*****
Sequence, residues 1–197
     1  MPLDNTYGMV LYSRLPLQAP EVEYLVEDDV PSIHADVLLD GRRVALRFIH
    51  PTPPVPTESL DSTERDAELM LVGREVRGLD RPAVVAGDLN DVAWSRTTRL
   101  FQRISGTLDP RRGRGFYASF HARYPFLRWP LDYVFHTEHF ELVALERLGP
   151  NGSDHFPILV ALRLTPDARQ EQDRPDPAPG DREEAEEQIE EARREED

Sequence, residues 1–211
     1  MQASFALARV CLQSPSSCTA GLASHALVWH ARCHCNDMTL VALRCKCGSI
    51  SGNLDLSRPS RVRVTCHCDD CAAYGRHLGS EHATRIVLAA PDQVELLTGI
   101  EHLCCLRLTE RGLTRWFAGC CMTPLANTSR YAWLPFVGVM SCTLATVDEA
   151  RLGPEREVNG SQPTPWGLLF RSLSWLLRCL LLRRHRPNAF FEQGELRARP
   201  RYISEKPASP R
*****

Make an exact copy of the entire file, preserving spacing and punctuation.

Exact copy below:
Sequence, residues 1–197
     1  MPLDNTYGMV LYSRLPLQAP EVEYLVEDDV PSIHADVLLD GRRVALRFIH
    51  PTPPVPTESL DSTERDAELM LVGREVRGLD RPAVVAGDLN DVAWSRTTRL
   101  FQRISGTLDP RRGRGFYASF HARYPFLRWP LDYVFHTEHF ELVALERLGP
   151  NGSDHFPILV ALRLTPDARQ EQDRPDPAPG DREEAEEQIE EARREED

Sequence, residues 1–211
     1  MQASFALARV CLQSPSSCTA GLASHALVWH ARCHCNDMTL VALRCKCGSI
    51  SGNLDLSRPS RVRVTCHCDD CAAYGRHLGS EHATRIVLAA PDQVELLTGI
   101  EHLCCLRLTE RGLTRWFAGC CMTPLANTSR YAWLPFVGVM SCTLATVDEA
   151  RLGPEREVNG SQPTPWGLLF RSLSWLLRCL LLRRHRPNAF FEQGELRARP
   201  RYISEKPASP R